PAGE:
Ok, let’s have a take on this age-old mystery. The answer is in fact quite simple. The meaning of life is to make oneself meaningful to other people. It’s about making a positive contribution in the lives of those people one holds dear. Why? I’ll tell you why.
To start with, we need to focus on the one asking the question. Because most of us never ask such a question in all its seriousness. For most of us the question is a joke, something to make fun of when we want to mock too deep-going thinking. On the other hand, there are those artists who have taken this enigma so seriously that they have been driven to suicide by this haunting question. So, who asks the question?
Only those people who have for some reason distanced themselves from the framework for life given to them by their upbringing. Most people never seriously question the worldview provided by the society around them or their religion – be it Christianity, Buddhism, Islam or the modern alternative: Consumerism. The question opens itself up in all its seriousness to only those of us who for one reason or another have started to question the given, the values and purposes that they were brought up to believe in.
Next, we need to look at the question itself. What do we really ask, when we ask about the meaningfulness of our lives?
Question of meaningfulness is in the end a question about making our lives have meaning in some framework bigger than ourselves. As long as we are asking how to make ourselves happy or how to maximize our own outcomes in life we are not asking about the meaning of our life. These are perfectly legitimate questions and some people are able to live their lives without asking anything else. But only when they ask what bigger meaning their lives might have, do they start to care about making their lives meaningful. Thus we need to find something bigger than ourselves that we can believe in and that we feel we can contribute to in order to feel that our life has a meaning.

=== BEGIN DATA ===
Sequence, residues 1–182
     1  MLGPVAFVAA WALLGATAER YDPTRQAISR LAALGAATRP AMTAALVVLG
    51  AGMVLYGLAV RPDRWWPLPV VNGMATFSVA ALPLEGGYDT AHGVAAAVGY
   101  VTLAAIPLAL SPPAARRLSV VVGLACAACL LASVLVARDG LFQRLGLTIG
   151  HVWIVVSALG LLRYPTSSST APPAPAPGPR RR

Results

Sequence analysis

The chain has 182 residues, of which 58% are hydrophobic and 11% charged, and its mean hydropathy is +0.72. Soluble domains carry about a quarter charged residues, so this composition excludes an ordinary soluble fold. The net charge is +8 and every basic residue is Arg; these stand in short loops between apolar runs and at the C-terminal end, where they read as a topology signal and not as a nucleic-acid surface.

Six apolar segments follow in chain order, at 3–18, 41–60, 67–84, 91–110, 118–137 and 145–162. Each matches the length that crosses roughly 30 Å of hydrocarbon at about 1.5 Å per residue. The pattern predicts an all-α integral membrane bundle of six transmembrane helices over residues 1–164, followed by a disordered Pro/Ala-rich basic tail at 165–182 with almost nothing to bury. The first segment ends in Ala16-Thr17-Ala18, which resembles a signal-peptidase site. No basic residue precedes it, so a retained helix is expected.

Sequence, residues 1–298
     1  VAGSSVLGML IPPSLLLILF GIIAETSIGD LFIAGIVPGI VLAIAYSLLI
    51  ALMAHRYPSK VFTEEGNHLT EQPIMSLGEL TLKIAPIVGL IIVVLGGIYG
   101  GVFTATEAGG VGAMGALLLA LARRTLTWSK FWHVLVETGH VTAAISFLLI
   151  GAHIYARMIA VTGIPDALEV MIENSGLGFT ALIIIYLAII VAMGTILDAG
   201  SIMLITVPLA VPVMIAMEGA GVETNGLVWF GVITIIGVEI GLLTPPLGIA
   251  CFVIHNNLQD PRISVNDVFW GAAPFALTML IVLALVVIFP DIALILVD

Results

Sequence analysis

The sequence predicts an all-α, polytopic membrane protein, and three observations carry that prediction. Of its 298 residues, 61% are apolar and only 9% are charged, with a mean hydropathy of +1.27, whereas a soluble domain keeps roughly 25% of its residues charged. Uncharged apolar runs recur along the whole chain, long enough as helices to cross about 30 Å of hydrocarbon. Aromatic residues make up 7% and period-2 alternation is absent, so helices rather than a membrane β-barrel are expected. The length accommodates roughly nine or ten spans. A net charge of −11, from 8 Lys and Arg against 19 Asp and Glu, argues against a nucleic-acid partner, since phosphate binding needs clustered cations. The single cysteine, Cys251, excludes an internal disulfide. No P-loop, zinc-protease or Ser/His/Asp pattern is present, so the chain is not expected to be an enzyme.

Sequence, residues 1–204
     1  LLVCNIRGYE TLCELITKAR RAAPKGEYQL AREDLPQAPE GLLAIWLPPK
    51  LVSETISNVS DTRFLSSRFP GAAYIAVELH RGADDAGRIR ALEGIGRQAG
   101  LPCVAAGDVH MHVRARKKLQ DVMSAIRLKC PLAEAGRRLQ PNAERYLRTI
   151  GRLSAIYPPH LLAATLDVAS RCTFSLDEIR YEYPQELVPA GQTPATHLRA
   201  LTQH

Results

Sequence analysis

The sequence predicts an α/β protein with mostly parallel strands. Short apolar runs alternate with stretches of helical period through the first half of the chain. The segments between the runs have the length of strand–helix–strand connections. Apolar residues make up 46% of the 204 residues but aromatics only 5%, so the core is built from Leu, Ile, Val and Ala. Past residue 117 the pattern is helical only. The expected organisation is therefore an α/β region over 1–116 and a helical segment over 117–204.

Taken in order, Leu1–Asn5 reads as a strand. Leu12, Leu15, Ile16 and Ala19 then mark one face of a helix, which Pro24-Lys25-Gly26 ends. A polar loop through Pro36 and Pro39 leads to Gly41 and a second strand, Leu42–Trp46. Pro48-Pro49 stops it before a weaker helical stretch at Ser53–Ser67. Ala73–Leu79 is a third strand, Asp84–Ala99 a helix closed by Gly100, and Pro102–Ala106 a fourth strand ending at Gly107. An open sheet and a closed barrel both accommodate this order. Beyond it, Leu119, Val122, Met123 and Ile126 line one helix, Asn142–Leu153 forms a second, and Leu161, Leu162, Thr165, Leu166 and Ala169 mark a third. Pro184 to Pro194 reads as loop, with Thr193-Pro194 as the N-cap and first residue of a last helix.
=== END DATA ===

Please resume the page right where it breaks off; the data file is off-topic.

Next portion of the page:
Where to then look for something bigger than ourselves? As said, those asking the question are the people who no longer believe to an answer external to them. They have distanced themselves from modern consumerism and ancient religions. There is then only one direction from which they can look for an answer: Inside of them. And what do we find inside of us? We find that we are creatures that are <a href="deeply dependent on others. We are creatures that want to belong. We are creatures that build our sense of value through sensing how others value us. It is extremely hard to uphold a high regard of ourselves if others don’t care about us at all. As creatures who need to feel connected, we want that others care about us.
Given our psychological build-up the most solid base for purpose we can genuinely believe in is found in other people. When we believe that we contribute positively to lives of others, then we feel that our life has value and meaning. That’s how simple it is. What group of others is most important to one is then a matter of preference. Some find meaning through their own kids, others through their work and still others through some voluntary work: Orphans in Africa, homeless in your home town, breast cancer victims, whatever is your cup of tea.
Meaning of life is to make oneself meaningful to others. It is up to you to decide to whom you want to be meaningful.